Former Anheuser-Busch workers win enhanced pension benefits after subsidiary saleReprints
Hundreds of former Anheuser-Busch Companies Inc. employees are owed enhanced retirement benefits under the terms of the company's pension plan, a federal appeals court ruled last week.
In a unanimous decision handed down on Thursday, a three-judge panel of the 6th U.S. Circuit Court of Appeals in Cincinnati said pension plan administrators for Anheuser-Busch Companies applied an “arbitrary and capricious” standard in denying a group of former employees' claims for enhanced benefits.
Four former employees of Metal Container Corp. — an aluminum beer can manufacturer owned by Anheuser-Busch — originally brought a class action against Anheuser-Busch and its pension plan administrators in 2010, accusing the company of breaching its fiduciary duty under the Employee Retirement Income Security Act.
In their complaint, the plaintiffs estimated that as many as 850 individual plan participants had been affected by the company's denial of the enhanced benefits under a 2000 amendment to the company's pension plan.
The amendment provides plan participants an additional five years of credited service and an additional five years of age in the event that their employment is involuntarily terminated within three years of a change in control of the company, according to court documents.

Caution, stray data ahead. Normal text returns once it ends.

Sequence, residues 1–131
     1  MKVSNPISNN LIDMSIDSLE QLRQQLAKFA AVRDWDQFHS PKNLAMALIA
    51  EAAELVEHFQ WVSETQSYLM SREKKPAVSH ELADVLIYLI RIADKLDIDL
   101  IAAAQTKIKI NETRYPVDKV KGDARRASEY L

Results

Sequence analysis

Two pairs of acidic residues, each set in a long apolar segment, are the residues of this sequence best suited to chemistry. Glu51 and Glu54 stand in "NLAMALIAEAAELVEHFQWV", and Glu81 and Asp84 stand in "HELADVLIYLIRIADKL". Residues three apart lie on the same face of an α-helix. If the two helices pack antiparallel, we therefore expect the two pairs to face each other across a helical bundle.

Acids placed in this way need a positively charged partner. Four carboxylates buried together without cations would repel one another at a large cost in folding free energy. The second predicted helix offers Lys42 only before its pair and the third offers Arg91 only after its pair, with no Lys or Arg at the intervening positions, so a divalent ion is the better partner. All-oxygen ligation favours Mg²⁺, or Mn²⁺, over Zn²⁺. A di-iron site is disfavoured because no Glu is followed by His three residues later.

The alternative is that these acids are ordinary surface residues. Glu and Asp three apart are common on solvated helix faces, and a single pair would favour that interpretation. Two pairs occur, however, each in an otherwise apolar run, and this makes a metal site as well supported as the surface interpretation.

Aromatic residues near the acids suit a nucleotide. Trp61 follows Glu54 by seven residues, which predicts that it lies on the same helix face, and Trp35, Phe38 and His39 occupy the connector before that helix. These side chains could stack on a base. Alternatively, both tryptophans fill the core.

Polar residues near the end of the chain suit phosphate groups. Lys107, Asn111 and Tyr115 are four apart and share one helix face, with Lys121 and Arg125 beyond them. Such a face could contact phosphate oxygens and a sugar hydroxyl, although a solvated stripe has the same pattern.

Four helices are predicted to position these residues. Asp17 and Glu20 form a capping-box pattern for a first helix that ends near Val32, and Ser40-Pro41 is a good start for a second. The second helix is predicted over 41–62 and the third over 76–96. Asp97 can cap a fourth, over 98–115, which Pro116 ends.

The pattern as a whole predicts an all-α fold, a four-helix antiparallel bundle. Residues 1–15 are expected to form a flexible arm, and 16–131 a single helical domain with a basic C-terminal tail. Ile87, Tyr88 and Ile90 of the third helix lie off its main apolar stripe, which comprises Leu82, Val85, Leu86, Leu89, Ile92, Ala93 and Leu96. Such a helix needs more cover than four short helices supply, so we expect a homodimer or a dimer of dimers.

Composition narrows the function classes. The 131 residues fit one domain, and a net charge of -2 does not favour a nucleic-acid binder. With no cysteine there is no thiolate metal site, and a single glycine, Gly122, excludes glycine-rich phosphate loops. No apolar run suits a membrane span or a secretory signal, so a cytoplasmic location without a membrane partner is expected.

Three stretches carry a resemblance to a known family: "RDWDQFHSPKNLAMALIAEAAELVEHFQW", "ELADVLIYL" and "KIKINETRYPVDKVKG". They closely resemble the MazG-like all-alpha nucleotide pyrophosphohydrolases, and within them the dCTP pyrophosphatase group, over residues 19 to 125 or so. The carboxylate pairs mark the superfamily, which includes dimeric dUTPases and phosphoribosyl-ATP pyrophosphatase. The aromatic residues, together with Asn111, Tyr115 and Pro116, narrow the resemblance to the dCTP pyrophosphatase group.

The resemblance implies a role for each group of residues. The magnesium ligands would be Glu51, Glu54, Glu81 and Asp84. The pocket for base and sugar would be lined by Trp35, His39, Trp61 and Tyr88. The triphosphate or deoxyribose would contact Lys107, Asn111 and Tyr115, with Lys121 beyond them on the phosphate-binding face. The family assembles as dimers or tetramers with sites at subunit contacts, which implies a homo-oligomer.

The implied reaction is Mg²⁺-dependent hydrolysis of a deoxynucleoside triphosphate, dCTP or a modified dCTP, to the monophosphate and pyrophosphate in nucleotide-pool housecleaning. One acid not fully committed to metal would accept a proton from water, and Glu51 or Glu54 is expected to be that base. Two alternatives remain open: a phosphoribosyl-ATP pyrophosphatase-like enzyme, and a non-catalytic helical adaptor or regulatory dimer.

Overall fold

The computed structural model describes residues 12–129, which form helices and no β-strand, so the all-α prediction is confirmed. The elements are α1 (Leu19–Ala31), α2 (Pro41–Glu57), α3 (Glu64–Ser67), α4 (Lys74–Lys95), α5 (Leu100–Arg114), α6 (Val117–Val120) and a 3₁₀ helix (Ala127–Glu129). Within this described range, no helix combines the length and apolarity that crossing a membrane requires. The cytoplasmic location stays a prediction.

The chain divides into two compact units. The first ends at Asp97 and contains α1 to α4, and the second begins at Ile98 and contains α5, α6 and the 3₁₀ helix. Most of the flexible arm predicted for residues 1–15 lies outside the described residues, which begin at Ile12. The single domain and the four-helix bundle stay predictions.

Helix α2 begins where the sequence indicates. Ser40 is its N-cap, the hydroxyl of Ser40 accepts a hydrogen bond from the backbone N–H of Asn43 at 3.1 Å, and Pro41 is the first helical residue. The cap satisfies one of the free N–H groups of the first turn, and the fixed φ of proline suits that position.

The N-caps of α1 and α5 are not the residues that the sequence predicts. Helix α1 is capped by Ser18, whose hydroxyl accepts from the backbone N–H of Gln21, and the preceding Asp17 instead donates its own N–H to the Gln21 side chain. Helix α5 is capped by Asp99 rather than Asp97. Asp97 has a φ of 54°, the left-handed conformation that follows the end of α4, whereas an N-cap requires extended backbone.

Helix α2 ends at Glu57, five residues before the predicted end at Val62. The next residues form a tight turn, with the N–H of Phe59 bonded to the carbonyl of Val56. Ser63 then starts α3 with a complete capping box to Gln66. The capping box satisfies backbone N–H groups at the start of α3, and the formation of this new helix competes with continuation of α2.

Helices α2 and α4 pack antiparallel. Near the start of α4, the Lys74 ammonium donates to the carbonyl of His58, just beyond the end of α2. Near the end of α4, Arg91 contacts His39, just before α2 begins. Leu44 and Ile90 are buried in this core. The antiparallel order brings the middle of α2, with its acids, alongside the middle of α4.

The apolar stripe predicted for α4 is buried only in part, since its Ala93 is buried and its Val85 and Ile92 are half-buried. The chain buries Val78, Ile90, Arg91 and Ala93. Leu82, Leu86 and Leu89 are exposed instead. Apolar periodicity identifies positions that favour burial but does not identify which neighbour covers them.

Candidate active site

Employees of Metal Container Corp. filed claims for the enhanced pension benefits in 2009 after the subsidiary was sold to Broomfield, Colorado-based Ball Corp., which effectively terminated their employment less than a year after Leuven, Belgium-based Inbev N.V. acquired Anheuser-Busch.
Anheuser-Busch's pension plan administrator denied the benefit claims on the grounds that the employees were all given jobs at Ball Corp., reasoning that they were never technically unemployed, according to court documents.
On Thursday, the appellate judges unanimously overturned a federal district judge's previous finding that the term “involuntarily terminated” was not defined with enough specificity so as to preclude Anheuser-Busch's determination that in order to qualify for the enhanced pension benefits, plan participants must be unemployed in addition to being terminated from the company involuntarily.
“[The plaintiffs] argue that the defendants' interpretation of the plan improperly ignores terms, adds an eligibility requirement — job loss — and fails to recognize that the plan is a retirement plan, not a severance or unemployment policy,” Judge Martha Daughtrey wrote in the court's opinion. “We conclude that the plaintiffs' employment … was 'involuntarily terminated' when Anheuser-Busch sold Metal Container to Ball and the plaintiffs became Ball employees. The plan administrator's decision to the contrary was therefore arbitrary and capricious.”
In a statement emailed to Business Insurance, a spokesperson for Anheuser-Busch said the company was “disappointed with the Sixth Circuit’s decision.”
“We continue to believe the Anheuser-Busch Companies Pension Plan made the right decision in denying claims made by former salaried Metal Container Corporation employees for enhanced pension benefits,” the company’s spokesperson said.